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The Birthday Paradox (wikipedia.org)
10 points by the_70x on Sept 25, 2019 | hide | past | favorite | 5 comments



Rule of thumb (useful for cryptography, among other things):

If you draw randomly (with replacement) from N numbers, you'll need to draw approximately sqrt(N) times until the probability of a collision (drawing the same number again) rises to 1/2.

For example, if you generate random keys with 128 bits, then after generating 2^64 keys you have a good (50%) chance that you've reused a key.

See https://en.wikipedia.org/wiki/Birthday_attack


As FabHK[0] says[1], the rule of thumb is that you are 50% likely to get a collision with about sqrt(N) selections from N objects.

We are, of course, more interested in much smaller probabilities of collision, and that's why I wrote about this[2] some time ago, giving the derivation, and the actual formula for those who just want the answer.

It's been submitted and discussed before[3][4], with some interesting comments.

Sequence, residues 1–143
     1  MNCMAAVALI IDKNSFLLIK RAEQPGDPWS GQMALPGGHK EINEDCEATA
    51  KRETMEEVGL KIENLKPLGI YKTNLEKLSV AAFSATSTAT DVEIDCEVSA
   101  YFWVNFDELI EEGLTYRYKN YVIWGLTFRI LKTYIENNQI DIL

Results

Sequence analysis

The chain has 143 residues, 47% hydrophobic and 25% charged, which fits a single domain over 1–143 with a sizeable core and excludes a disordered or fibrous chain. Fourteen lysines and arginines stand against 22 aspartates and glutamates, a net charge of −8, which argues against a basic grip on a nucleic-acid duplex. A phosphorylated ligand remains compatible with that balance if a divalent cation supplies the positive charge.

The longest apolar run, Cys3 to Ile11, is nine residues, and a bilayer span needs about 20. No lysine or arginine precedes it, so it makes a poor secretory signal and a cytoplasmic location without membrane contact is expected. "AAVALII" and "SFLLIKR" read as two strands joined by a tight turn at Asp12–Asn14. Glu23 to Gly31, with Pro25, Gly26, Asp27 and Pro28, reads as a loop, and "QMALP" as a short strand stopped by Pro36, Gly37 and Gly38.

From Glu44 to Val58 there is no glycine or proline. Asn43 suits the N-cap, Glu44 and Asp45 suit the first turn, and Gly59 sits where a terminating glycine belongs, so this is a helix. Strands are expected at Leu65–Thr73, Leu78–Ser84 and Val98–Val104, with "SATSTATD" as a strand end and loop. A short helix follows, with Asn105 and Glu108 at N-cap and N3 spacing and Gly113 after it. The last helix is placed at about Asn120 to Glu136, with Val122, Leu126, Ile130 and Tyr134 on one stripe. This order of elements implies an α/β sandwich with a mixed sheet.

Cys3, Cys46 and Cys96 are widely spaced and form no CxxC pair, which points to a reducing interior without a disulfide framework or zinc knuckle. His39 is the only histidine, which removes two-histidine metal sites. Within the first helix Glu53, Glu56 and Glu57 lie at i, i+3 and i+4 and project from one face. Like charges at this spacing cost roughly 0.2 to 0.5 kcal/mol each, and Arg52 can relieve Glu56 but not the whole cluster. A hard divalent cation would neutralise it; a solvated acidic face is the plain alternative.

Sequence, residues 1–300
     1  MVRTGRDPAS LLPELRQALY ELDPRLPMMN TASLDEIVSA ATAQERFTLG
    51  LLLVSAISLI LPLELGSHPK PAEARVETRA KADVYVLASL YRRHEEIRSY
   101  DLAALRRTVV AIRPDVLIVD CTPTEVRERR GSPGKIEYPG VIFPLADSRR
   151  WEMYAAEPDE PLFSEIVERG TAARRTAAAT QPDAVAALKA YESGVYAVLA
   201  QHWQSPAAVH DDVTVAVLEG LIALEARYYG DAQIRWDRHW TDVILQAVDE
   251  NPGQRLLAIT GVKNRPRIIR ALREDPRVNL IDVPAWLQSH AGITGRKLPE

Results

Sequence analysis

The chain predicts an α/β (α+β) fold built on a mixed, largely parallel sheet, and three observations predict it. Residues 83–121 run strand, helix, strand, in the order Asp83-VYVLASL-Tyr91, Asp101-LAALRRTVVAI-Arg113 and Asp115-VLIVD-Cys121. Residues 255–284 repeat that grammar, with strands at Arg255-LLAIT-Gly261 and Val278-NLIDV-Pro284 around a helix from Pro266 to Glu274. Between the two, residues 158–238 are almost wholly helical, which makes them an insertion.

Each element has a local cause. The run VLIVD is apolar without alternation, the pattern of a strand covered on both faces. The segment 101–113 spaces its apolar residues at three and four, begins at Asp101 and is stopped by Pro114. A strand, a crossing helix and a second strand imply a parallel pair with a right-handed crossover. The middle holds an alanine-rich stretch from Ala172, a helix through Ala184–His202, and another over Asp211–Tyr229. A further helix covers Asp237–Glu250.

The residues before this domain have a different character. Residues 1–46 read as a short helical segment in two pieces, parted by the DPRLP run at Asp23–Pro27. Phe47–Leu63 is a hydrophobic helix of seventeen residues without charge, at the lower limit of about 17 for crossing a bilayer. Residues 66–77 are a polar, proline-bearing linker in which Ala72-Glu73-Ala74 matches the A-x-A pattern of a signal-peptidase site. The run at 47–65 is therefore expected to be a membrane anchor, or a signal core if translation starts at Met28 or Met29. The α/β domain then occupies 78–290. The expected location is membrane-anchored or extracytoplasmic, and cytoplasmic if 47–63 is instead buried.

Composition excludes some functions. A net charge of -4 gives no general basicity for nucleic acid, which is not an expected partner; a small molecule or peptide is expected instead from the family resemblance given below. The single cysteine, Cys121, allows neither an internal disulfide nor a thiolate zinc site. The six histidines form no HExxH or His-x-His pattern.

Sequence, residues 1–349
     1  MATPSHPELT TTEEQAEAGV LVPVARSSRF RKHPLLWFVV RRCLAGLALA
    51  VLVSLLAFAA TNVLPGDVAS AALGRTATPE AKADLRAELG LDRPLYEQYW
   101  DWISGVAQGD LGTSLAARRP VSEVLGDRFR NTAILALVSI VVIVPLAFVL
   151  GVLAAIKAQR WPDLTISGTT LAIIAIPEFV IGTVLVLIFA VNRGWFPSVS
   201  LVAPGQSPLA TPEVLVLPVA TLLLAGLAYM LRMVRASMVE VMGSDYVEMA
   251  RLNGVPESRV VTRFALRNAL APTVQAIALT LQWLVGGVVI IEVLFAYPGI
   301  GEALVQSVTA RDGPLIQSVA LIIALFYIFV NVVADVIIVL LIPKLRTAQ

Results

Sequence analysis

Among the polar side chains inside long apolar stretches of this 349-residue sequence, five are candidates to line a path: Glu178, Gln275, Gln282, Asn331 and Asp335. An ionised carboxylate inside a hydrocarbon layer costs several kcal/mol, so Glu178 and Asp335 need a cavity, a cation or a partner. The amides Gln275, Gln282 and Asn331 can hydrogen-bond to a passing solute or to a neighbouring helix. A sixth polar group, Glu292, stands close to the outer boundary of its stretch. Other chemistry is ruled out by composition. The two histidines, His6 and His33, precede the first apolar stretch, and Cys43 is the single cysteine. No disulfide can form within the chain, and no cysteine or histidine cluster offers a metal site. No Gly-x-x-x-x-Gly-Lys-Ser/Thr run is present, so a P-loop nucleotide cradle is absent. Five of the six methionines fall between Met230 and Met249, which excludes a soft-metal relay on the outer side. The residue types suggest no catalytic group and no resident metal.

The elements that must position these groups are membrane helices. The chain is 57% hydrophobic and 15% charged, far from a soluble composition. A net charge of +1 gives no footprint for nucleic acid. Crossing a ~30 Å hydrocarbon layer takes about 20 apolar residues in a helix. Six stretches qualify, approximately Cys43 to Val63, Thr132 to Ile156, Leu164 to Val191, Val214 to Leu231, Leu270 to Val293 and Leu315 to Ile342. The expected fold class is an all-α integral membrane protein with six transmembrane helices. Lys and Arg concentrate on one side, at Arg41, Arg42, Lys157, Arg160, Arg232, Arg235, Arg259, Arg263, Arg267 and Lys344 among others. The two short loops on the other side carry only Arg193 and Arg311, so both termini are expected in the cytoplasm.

[0] https://news.ycombinator.com/user?id=FabHK

[1] https://news.ycombinator.com/item?id=21069837

[2] https://www.solipsys.co.uk/new/TheBirthdayParadox.html?si25h...

[3] https://news.ycombinator.com/item?id=19296265

[4] https://news.ycombinator.com/item?id=4753014


I just recently published a blog post on this topic: https://www.mcherm.com/unique-ids.html

Sadly, I am still getting pushback from others at my company who are either not convinced by the math or for whom any such analysis doesn't matter. "Yes, but there is still a chance of getting a duplicate, so I don't think this can be safe."


Yes, that is funny.

It feels a bit insane - how do you choose your secret private Bitcoin wallet key? Easy, just pick one randomly! Oh no, but someone else could pick the same key. Sure, but the probably is so vanishingly small, we really really really don't have to worry about it...

It is a bit hard to wrap your head around it, but the maths is solid (assuming, of course, that you have a good source of randomness).





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